4 Vol. 31 No. 2 February 2006 Art Therapy 165 Analysis of Data SPSS for Windows (Statistical Package for the Social Sciences Version 11, Chicago, IL) was used for data management and statistical analysis. Because the variables did not have normal distributions, nonparametric statistical methods were used to analyze these variables. The Chi-squared test of association was done to compare groups with respect to percentages. The Kruskal-Wallis and Mann-Whitney tests were used to compare groups with respect to noncategorical data. The Friedman test was done to evaluate changes after therapy compared to pretherapy values. Means are expressed as mean standard deviation. A 0.05 significance level was used for all statistical tests. No one-sided statistical tests were done. Results Of 63 patients who were approached but declined to participate in this study, 35 (55%) stated that they were not interested and did not provide additional explanation, 9 (14%) were being discharged, 8 (13%) felt too sick, 2 (3%) were experiencing too much pain, one person (2%) stated that his or her hands were too shaky, and one person had participated in art therapy before but did not like the experience. Fifty subjects were enrolled in this study, most with leukemia (29.2%) or lymphoma (32.6%), with the majority diagnosed within the prior 2--3 years (mean SD). Additional demographic data regarding the sample are provided in Table 2. No patients dropped out of the study once art therapy was started. Symptom Burden There were statistically significant reductions in eight of nine symptoms measured by the ESAS, including the global distress score (Figs. 1 and 2). Nausea was the singular symptom that did not change as a result of the art therapy session. There were no associations between age or gender and change in the individual and global ESAS distress score, although this association was noted with ethnicity (Fig. 3). African American subjects were more likely to have lower post-test ESAS global distress scores when compared with Caucasians (Mann-Whitney or MW; P ¼ 0.037). Table 2 Demographic Data Characteristics n % Age (mean SD, (19--82) range years) Gender Female Male Ethnicity Caucasian African American Asian 1 2 Hispanic/Latino Other Marital status Single Married Divorced 5 10 Education (mean SD, (10--25) range years) Diagnosis Leukemia Lymphoma Breast cancer 4 8 GI/colorectal cancer 4 8 Gynecological cancer 2 4 Other malignancies Time since diagnosis (mean SD, range years) (0--15) In regard to pre- and postintervention anxiety measures, there were statistically significant differences in most of the domains measured by the STAI-S (Fig. 4). However, responses such as regret, feeling at ease, being worried, and feeling rattled demonstrated no change when comparing scores prior to and after the therapy. There were no associations between age, gender, or ethnicity and change in STAI-S scores. Perceptions of Art Therapy Most (44% or 88%) of the subjects had never participated in art therapy prior to this study and the majority, 46 (92%), stated that they would like to do art therapy again. When asked how they perceived art therapy changed their overall well being, 45 (90%) stated that the session distracted them and focused their attention onto something positive. Eighteen subjects (36%) responded that the therapy was calming and relaxing, 6 (12%) felt productive and worthwhile, and 12 (24%) felt that it was a pleasant activity. Three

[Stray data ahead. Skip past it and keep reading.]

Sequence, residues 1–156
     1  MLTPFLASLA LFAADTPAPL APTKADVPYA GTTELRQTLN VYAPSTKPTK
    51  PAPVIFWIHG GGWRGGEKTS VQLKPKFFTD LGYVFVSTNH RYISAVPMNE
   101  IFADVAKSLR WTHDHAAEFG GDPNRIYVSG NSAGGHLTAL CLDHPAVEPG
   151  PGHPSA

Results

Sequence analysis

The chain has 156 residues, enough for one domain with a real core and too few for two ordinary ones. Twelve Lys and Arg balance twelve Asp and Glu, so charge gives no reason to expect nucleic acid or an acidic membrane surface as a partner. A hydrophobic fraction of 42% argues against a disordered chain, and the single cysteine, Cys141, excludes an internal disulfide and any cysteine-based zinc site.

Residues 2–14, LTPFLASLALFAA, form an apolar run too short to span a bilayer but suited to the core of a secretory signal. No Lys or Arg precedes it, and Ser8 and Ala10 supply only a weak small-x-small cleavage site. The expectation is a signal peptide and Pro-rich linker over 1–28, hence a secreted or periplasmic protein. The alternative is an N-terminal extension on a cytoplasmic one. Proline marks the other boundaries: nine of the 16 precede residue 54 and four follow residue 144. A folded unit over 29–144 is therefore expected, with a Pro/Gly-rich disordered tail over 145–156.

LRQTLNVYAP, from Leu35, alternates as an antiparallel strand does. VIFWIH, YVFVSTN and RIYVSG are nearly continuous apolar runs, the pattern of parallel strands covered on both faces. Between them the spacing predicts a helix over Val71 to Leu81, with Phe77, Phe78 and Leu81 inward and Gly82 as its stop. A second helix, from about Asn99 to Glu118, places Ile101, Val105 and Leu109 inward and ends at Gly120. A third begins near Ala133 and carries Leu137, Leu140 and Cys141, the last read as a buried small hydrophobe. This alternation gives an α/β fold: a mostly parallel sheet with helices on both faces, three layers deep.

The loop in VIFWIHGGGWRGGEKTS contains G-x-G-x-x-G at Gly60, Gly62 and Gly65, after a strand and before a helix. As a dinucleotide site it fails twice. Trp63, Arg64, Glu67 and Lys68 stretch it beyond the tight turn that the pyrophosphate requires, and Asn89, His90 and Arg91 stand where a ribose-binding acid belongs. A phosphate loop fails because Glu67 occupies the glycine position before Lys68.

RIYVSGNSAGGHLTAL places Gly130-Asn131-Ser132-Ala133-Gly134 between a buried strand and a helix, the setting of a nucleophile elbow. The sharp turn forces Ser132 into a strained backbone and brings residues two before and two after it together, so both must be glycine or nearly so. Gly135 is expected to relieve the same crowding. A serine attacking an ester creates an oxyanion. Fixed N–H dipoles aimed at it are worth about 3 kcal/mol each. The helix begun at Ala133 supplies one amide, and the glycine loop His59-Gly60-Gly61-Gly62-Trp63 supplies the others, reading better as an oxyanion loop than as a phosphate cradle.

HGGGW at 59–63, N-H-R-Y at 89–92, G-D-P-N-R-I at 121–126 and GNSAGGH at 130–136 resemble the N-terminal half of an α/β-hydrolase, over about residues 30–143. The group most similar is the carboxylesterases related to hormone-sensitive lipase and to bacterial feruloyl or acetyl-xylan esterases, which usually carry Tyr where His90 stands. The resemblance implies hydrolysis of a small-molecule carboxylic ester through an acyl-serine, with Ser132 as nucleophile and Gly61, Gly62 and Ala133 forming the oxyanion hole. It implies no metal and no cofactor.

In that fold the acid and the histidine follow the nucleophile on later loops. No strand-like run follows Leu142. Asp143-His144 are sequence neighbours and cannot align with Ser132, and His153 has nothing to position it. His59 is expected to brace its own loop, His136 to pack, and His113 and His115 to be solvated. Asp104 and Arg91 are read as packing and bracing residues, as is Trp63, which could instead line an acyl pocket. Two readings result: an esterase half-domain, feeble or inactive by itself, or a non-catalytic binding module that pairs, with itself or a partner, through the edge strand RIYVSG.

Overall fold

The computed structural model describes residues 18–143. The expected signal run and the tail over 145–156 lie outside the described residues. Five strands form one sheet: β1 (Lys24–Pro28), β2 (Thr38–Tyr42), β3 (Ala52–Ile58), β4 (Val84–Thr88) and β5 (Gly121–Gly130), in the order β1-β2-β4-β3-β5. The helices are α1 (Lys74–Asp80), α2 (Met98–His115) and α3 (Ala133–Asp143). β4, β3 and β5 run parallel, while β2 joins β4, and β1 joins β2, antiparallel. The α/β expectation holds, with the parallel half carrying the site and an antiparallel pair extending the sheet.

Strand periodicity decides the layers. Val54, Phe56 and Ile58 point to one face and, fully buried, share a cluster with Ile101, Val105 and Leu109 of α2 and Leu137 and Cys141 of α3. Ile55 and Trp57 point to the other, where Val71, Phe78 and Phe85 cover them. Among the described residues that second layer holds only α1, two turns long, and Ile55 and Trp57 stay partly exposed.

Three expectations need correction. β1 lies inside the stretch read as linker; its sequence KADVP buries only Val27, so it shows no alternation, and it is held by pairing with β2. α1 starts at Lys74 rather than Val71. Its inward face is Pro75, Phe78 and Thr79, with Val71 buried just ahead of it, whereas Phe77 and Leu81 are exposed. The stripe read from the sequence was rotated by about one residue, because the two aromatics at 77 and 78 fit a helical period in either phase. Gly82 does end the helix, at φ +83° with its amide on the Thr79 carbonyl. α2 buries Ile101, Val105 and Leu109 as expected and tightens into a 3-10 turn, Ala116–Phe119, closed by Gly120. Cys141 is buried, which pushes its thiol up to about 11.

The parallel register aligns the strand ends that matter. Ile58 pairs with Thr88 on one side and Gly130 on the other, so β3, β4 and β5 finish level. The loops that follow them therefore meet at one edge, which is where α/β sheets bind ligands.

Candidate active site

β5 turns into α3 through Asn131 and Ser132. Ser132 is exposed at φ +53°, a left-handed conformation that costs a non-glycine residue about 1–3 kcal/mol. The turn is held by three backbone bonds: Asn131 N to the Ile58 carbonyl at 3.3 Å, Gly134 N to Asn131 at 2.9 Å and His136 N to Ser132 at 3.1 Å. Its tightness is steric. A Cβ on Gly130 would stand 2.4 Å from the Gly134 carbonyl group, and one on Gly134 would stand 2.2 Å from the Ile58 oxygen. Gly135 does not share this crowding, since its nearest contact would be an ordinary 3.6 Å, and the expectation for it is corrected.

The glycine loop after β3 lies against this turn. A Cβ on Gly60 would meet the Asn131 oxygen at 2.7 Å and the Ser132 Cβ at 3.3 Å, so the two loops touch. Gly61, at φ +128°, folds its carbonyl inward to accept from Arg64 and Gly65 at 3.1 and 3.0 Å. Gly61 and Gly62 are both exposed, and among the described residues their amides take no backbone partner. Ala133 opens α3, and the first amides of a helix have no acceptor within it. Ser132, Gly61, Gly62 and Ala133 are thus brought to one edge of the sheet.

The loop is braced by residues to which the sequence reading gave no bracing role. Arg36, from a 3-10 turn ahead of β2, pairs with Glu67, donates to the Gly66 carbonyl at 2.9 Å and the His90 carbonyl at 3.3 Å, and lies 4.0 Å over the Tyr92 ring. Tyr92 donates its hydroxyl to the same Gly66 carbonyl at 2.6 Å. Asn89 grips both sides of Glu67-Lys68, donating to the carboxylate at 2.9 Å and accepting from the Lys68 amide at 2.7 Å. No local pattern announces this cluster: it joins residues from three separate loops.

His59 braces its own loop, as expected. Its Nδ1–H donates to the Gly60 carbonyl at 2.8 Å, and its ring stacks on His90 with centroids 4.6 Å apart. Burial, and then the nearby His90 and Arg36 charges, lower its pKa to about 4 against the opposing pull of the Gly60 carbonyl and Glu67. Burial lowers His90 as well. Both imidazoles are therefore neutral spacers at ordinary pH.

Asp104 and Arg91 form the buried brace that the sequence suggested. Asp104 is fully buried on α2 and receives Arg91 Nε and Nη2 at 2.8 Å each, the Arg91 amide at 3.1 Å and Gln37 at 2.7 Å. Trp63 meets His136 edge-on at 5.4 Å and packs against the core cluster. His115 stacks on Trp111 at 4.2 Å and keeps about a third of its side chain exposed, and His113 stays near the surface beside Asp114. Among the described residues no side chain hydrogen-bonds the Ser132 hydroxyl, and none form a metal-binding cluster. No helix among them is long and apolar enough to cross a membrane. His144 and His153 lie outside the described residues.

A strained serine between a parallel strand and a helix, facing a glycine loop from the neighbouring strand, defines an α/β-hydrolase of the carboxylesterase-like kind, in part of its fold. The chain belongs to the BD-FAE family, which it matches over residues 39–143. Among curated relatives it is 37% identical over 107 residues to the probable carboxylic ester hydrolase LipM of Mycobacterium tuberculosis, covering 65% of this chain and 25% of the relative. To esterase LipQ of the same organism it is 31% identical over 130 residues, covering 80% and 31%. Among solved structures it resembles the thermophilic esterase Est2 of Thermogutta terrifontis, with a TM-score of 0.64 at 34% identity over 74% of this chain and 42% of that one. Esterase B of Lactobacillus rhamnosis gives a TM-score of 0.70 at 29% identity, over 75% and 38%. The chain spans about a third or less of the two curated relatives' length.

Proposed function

5 166 Nainis et al. Vol. 31 No. 2 February 2006 Global ESAS Scores - Race Mean Sum of all ESAS measures Caucasians Pretest Posttest African Americans Race Fig. 3. Differences in global distress by ethnicity. Fig. 1. Change in ESAS measures. (6%) subjects commented that the art therapy had no effect. When asked whether they felt comfortable making art, 48 (96%) subjects agreed. Reasons for this comfort included the approach of the art therapist, prior experience with making art, or conversely, that making art was a new and interesting experience. Several subjects commented that making art gave them a feeling of control and allowed them to express their feelings without words. Only two (4%) subjects said that they were not comfortable with making art. Both of them believed that they had no talent or skill and thus did not like what they produced. Discussion Pain and other symptoms are common in an oncology inpatient population. Although pharmacologic therapies are essential to Mean Sum of All ESAS Pretest Distress Score Posttest Fig. 2. Global Distress Scale from ESAS. provide relief, consumers are interested in supplementing traditional medical approaches with complementary therapies to relieve pain and suffering. Art therapy is one complementary therapy that has good anecdotal support for its efficacy in relieving anxiety and other emotional symptoms. 20,22,23,28,32 However, well-designed studies demonstrating the effectiveness of art therapy in an inpatient oncology setting are scarce. This study was the first to attempt to evaluate the benefits of this intervention on reducing a broad spectrum of symptoms in an empirical manner. The results provided further evidence of the benefits of art therapy, as there were significant reductions in symptoms and overall state anxiety after a 1- hour art therapy intervention. Although there was a decrease in most symptoms, a particularly surprising finding of the study was the reduction in tiredness expressed by these subjects. Despite reporting significant tiredness immediately prior to the therapy (mean score of ) and using energy during the therapy session, subjects described significant reduction in this tiredness at the end of the intervention (mean ). Subjects made numerous anecdotal comments that the art therapy had energized them. This is the first study to document reduction in tiredness as a result of art therapy. Our inability to find a statistically significant improvement in nausea (ESAS) and several items on the STAI-S (feeling regretful, rattled, or worried) was partially due to a floor effect. On average, subjects started with an already low score on these items during the pretest, allowing little or no room for improvement. For instance nausea had the lowest ranked pretest value of all of the nine symptoms of the ESAS. To further complicate interpretation of